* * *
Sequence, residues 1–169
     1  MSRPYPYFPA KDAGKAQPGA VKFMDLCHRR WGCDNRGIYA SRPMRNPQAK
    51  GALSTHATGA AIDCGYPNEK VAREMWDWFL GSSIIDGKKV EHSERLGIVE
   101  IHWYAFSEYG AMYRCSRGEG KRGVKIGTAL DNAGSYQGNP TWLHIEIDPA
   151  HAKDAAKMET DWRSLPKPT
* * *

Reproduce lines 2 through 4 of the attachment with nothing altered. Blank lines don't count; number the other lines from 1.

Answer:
     1  MSRPYPYFPA KDAGKAQPGA VKFMDLCHRR WGCDNRGIYA SRPMRNPQAK
    51  GALSTHATGA AIDCGYPNEK VAREMWDWFL GSSIIDGKKV EHSERLGIVE
   101  IHWYAFSEYG AMYRCSRGEG KRGVKIGTAL DNAGSYQGNP TWLHIEIDPA